The sport has been on the chopping block before, but it's survived each time. Juan Antonio Samaranch, Jr. - the son of former IOC president by the same name - is vice president of the UIPM organization, the worldwide equivalent to FILA for pentathlon. He's also on the IOC board, which means he has a vote.
With the last name Samaranch, he also probably carries plenty of weight with other members of the IOC. Basically, the sport of modern pentathlon has a patron saint.
Samaranch said he stressed the positives of his sport when the board met to decide which sport to cut, pointing to the tradition and the completeness of athlete involved. But it seems curious that this sport, one that has been scrutinized multiple times before and one that doesn't have the level of participation as wrestling, would be saved while one of the Olympic staples would be suddenly shown the door.
It sure helps to have some pull in a sphere that's supposed to be liberated from the ugly influence of politics.
The Olympics have a set number of "core" sports (28) and disciplines within those sports, with a set number of athletes and events in which athletes can participate. The committee has chosen to drop a sport to open a door for a newcomer in 2020, with wrestling among those welcome to apply for Olympic status. The others are baseball and softball (again), karate, squash, roller sports, sport climbing, wakeboarding and wushu. Golf and rugby will join the program in 2016.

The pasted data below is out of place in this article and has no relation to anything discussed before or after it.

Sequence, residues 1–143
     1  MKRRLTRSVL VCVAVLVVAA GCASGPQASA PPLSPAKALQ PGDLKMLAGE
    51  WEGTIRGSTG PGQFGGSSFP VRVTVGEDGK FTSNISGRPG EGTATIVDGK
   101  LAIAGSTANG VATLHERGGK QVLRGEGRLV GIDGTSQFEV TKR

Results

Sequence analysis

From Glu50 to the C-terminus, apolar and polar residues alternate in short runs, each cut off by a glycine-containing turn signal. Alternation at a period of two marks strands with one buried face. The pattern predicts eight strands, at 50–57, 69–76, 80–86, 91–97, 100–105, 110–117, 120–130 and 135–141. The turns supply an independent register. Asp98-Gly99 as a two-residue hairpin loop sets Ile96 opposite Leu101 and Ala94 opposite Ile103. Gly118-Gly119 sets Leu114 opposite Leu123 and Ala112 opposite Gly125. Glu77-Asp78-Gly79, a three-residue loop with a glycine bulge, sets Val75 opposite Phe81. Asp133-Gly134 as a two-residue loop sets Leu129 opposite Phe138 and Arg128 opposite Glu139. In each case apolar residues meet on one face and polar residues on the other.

It's important to remember how these core sports work when comparing wrestling to others on the list.
To argue racewalking (a component of "athletics," which is basically track and field), synchronized swimming (under "aquatics") or trampoline (gymnastics) should be ousted in favor of wrestling won't work, because wrestling is competing against the broader category. On the other hand, sports such as badminton, equestrian, fencing, field hockey and sailing are all among those the IOC has decided to keep in lieu of wrestling.
I'm curious to see how the advancement of Twitter and social media will play a role in what comes next. The IOC must stand up to new pressure with the world more capable than ever of voicing its opinion, and petitions have already begun to circulate to save wrestling.
At some point soon, I think the Samaranch/pentathlon connection will become the main story here. Meanwhile, instead of trying to decide which sports are dumber than wrestling, we will ask the right question. Why should a collection of other Olympic disciplines get to stand as a separate sport instead of wrestling, with greater participation and greater tradition?
Pictured: Ben Askren, formerly of Arrowhead High School (right) wrestles Cuba's Ivan Fundora in the 74-kg freestyle match in the 2008 Olympics in Beijing.
The "core" Olympic sports are as follows:
athletics (track and field and related events)
**golf and rugby will join the program in 2016.
Mark Stewart and JR Radcliffe discuss high school sports in this weekly video.